In 1985, the International Physicians for the Prevention of Nuclear War (IPPNW) received the Nobel Peace Prize for their efforts in alerting the worldwide public to the harmful effects of nuclear warfare.
According to its website, the IPPNW's three highest priorities are:
Although the IPPNW's original focus was on the prevention of nuclear wear, its role has expanded to lobby against any form of warfare in recent years. In particular, it has focused its educational campaigns on the negative effects of militarism (a government's emphasis on military power) in underdeveloped nations. Today the IPPNW maintains offices in London, England and Cambridge, Massachusetts. It has 200,000 members in 81 countries. Representatives from local chapters convene every two years at an international conference, and frequent regional meetings are also held.
Founders: Bernard Lown and Yevgeny Chazov
Date of Founding: 1980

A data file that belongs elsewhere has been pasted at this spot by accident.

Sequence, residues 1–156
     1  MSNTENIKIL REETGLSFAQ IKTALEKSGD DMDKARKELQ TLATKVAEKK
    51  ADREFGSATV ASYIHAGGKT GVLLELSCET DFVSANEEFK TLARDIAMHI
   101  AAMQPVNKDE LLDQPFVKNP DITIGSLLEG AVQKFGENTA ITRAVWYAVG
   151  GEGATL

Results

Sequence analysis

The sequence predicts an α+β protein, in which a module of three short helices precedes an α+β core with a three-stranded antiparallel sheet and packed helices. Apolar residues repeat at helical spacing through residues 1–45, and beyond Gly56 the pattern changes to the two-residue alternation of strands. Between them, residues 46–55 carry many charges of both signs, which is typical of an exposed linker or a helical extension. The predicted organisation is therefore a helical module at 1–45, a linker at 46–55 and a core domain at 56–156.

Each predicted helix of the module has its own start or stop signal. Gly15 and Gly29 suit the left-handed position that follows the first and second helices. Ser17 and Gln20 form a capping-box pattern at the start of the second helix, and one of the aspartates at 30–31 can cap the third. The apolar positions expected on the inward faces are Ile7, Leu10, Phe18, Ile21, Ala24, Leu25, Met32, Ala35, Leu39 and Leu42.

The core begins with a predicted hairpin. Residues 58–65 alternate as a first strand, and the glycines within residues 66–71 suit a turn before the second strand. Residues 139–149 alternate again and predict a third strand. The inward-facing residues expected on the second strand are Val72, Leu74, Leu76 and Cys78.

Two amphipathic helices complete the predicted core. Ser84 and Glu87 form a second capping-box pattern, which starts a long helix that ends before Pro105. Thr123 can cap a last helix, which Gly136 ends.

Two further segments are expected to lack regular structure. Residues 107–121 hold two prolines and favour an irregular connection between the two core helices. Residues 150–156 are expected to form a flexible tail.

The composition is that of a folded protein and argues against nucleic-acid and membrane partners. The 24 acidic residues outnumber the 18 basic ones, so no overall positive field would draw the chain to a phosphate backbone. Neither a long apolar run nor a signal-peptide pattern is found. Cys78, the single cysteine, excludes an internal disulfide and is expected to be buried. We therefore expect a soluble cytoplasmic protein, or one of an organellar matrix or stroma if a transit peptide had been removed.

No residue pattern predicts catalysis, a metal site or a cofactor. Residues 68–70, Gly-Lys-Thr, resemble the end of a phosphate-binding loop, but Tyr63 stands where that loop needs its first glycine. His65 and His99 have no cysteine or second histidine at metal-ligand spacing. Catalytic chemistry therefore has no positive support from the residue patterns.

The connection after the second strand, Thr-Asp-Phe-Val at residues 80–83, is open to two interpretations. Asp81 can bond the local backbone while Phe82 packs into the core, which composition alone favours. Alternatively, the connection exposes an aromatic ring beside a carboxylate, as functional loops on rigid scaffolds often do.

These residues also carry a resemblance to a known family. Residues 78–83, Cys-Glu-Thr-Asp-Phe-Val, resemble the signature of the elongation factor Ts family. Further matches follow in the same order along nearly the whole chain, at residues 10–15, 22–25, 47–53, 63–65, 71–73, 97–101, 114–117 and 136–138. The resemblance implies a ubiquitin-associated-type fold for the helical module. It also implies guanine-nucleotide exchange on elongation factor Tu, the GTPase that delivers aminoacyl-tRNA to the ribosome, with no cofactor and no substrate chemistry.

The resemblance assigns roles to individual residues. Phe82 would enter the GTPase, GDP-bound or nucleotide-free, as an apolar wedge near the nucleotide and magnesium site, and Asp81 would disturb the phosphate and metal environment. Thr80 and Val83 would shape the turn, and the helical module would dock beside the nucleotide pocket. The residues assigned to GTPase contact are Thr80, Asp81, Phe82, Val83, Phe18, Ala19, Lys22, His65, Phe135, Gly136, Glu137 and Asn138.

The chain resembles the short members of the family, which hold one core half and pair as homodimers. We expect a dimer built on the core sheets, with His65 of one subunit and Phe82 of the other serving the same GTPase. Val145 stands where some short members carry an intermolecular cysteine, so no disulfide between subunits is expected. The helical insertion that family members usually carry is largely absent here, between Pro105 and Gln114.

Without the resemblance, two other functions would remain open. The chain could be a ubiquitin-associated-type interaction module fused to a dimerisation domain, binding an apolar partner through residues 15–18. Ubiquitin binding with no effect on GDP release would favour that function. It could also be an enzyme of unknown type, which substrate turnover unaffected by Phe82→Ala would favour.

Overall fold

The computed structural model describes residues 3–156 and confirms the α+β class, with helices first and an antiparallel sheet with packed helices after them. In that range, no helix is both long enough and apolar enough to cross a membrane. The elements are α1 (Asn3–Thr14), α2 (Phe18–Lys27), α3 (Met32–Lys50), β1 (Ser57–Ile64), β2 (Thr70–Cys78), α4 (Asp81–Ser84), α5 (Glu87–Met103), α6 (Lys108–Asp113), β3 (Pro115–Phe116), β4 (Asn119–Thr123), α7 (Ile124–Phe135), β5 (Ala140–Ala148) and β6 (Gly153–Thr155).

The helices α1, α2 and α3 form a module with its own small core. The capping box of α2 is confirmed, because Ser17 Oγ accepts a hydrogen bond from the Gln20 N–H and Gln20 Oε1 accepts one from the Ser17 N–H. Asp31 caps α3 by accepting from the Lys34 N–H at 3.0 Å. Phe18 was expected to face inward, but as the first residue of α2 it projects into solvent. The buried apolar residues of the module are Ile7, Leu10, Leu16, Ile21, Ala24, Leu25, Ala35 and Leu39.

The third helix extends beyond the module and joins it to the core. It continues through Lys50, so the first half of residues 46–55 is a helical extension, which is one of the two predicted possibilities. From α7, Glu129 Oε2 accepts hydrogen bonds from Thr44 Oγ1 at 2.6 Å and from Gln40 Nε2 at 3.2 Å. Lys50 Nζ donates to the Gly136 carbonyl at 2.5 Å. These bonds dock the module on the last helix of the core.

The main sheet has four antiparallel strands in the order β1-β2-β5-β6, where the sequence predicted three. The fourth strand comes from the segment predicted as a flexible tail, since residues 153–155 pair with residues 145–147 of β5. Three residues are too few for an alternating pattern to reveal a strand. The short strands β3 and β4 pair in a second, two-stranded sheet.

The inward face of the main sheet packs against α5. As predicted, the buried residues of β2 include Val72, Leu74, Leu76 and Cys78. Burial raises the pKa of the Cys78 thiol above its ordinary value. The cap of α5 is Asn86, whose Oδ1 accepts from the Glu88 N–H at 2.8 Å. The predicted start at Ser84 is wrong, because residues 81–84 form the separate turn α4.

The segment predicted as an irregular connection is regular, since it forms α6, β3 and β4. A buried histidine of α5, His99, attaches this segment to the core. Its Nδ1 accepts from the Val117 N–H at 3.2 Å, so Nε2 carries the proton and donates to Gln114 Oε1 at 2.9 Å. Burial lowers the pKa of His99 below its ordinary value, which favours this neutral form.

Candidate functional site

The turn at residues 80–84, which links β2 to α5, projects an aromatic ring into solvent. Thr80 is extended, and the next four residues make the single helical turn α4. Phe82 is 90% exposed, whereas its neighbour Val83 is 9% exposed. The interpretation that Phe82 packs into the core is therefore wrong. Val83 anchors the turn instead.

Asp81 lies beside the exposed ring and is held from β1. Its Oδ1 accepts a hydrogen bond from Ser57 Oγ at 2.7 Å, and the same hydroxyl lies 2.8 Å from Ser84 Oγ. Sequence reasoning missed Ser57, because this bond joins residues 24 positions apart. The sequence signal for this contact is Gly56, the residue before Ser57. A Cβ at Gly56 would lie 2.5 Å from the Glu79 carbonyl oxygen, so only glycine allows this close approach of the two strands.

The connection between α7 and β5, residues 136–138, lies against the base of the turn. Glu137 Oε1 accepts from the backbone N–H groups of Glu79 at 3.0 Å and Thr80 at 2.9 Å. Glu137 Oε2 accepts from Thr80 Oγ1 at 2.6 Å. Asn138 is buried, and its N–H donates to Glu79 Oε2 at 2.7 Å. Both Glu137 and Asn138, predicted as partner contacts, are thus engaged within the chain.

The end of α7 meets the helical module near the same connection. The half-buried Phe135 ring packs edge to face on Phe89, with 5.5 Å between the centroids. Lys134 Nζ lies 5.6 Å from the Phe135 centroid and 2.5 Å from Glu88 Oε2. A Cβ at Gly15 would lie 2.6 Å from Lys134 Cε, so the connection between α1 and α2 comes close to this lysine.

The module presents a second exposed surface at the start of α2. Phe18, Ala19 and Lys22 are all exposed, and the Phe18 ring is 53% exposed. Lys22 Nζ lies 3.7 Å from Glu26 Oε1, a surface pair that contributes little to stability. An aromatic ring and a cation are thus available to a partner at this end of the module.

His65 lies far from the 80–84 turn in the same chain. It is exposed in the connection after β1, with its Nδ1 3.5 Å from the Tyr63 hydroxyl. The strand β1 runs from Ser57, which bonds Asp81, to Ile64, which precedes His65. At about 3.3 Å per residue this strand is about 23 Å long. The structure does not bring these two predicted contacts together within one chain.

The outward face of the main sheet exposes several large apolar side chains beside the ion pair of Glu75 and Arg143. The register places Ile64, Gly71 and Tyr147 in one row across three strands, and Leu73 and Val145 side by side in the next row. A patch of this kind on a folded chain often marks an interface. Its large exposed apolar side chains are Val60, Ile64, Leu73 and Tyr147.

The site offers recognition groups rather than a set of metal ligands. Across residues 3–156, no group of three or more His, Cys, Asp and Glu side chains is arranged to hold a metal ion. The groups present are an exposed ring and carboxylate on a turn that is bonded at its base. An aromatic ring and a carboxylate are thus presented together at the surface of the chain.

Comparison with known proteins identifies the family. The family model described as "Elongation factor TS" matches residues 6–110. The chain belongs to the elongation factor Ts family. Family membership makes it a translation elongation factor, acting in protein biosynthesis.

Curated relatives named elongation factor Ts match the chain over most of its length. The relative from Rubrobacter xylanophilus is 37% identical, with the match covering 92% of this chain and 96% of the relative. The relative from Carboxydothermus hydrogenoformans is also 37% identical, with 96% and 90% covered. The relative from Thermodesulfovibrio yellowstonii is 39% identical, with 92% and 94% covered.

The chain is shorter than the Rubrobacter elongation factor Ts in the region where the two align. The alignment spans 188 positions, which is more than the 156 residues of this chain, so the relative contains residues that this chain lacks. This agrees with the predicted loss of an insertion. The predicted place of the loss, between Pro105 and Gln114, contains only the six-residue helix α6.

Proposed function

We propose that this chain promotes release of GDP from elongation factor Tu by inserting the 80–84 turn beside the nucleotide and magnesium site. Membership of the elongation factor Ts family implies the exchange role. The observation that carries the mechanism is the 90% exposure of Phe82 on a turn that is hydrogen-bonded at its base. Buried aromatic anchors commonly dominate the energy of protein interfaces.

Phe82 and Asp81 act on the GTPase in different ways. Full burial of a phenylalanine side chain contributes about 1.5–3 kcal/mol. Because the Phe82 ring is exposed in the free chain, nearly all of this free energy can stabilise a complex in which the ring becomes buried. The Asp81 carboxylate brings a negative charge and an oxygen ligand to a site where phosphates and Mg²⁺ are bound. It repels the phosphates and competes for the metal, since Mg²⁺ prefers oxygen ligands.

Place of Founding: Geneva, Switzerland
Location of Headquarters: Cambridge, Massachusetts and London, England
In 1961, Dr. Bernard Lown, a heart specialist at Harvard University's School of Public Health, heard a speech by Philip Noel-Baker, a British ambassador and great exponent of disarmament. Noel-Baker warned against the medical effects of nuclear war, especially long-term radiological damage. Inspired by the speech, Dr. Lown joined with several other U.S. doctors to form the Physicians for Social Responsibility (PSR). For almost two decades, PSR made public the horrible effects of nuclear explosions in an effort to end the international arms race.
In 1979, Dr. Lown teamed up with Yevgeny Chavoz, a friend and heart specialist, and four other doctors (two Russians and two Americans) to form the International Physicians for the Prevention of Nuclear War (IPPNW). The IPPNW quickly swelled in ranks as doctors joined and by the mid-1980's had 135,000 members in 41 nations.
From the beginning, the IPPNW made education a major focus and worked hard to inform the public about the dangers of nuclear war. In 1982, the IPPNW broadcast a discussion by American and Russian physicians on the danger of nuclear war throughout the U.S. and Europe.
To learn more about the International Physicians for the Prevention of Nuclear War, visit their website here.